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Hush Hush: Stories by Steven Barthelme

Hush Hush: Stories

by Steven Barthelme

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This is an uneven, but rather interesting, collection of short (some very short) stories about various quirky folks, cats and relationships. I think his longer stories actually worked better and I felt "Interview" (about a tax lawyer who quits his job, wanders back to Austin, where he went to college, and gets a job as a mechanic), "Bye Bye Brewster" (a surprisingly sweet friendship story between a guy in his 40s and a guy in his 70s, whose lives cross in an apartment complex in Arizona) and "Claire" (Where a man borrows money from his ex/Claire and gets sucked backed into his world of gambling and regret, but he actually wins a lot of money and determines that did not help a thing - he still is sorry he let Claire go) were real standouts. Barthelme is exceptionally good at caring about his characters, and so while they can be rather repugnant, I always kind of felt sorry for them. He writes exceptionally well from the viewpoint of someone who has made a horrible decision and how they stumble through that, both in effects on others and their own lives. They all had a few threads that made them likeable. My biggest complaint about this collection, and why I did not rate it much higher, is the nausea-producing and highly implausable title story "Hush, Hush" about a sexual affair between a father, who ends up being a creepy stalking on top of it all, and his grown daughter (who shows up on his doorstep one day, after a life of him not knowing she existed). That one was weird, and not in a good way, and it just put a whole funk on the book. It almost seemed mislpaced in an otherwise decent collection. Why that one was chosen as the title piece is beyond me. Anyway, I do think Bathleme is well worth watching and enjoying. His dialog, quick-paced stories and characters are usually fun, and human in both good and bad ways, so nice and complex and for the most part, interesting and a joy to read. ( )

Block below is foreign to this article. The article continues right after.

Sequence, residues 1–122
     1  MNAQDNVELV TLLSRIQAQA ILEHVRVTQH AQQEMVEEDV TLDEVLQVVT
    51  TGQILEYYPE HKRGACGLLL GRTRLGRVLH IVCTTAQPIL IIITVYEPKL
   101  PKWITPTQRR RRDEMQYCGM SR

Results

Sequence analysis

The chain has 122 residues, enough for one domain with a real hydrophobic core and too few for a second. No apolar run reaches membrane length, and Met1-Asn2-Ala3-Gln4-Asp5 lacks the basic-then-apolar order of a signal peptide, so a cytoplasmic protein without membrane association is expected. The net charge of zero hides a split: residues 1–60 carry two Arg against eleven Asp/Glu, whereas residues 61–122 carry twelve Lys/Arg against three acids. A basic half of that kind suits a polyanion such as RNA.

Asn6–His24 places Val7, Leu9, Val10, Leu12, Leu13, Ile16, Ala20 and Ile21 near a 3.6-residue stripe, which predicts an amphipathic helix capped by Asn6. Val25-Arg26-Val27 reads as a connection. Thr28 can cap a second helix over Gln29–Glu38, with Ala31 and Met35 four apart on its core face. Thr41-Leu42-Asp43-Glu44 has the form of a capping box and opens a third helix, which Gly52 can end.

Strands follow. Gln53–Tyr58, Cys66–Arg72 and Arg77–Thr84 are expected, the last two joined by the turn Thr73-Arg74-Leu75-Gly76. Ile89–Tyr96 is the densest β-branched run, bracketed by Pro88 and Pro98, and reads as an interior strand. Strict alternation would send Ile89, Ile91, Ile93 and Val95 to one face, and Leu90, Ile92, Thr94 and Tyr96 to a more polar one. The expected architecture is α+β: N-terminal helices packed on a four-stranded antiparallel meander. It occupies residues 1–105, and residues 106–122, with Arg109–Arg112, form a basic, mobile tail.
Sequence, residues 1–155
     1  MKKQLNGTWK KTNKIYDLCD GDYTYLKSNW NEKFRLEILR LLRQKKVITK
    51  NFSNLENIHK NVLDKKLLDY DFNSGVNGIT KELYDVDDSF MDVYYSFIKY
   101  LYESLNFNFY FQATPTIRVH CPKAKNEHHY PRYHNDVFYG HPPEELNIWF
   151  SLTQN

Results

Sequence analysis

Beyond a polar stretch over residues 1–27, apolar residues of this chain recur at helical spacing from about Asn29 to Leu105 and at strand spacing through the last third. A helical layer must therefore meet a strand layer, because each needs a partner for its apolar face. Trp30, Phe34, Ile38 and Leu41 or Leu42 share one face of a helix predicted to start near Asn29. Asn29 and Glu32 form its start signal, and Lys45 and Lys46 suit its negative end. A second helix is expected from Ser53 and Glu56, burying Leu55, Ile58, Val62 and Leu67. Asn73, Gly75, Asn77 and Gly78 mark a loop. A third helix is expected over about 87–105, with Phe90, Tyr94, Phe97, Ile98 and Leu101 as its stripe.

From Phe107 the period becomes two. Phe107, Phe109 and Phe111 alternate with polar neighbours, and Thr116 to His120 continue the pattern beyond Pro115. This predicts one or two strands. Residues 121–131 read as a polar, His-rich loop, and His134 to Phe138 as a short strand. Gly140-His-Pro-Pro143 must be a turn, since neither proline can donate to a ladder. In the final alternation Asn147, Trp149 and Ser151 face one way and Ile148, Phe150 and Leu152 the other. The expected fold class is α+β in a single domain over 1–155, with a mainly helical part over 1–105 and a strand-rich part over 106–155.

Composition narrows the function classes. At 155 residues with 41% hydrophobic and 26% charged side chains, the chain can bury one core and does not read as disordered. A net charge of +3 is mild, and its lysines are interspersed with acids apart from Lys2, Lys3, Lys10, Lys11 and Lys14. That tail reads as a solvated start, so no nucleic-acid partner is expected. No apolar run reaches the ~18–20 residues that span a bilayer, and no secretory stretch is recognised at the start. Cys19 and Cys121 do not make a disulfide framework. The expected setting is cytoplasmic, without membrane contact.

1 vote CarolynSchroeder | Apr 23, 2013 |
Quick, light read, though if you've ever read anything by Steven's brother Donald Barthelme you already know the writing style (tone-wise it feels more related to Raymond Carver than Donald). There are 20 efficiently written stories that feel like you're observing lonesome people who travel late at night down winding interstates trying to figure themselves out. There are a pair of longer stories, Claire and Hush Hush that I think work more effectively than the shorter 2 to 3 page stuff. Finally, The whole thing's bookended by stories about child geniuses. ( )
  CK25_00 | Dec 8, 2012 |
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Presents a collection of short stories starring characters who are desperate yet full of hope and longing to connect with others and themselves.

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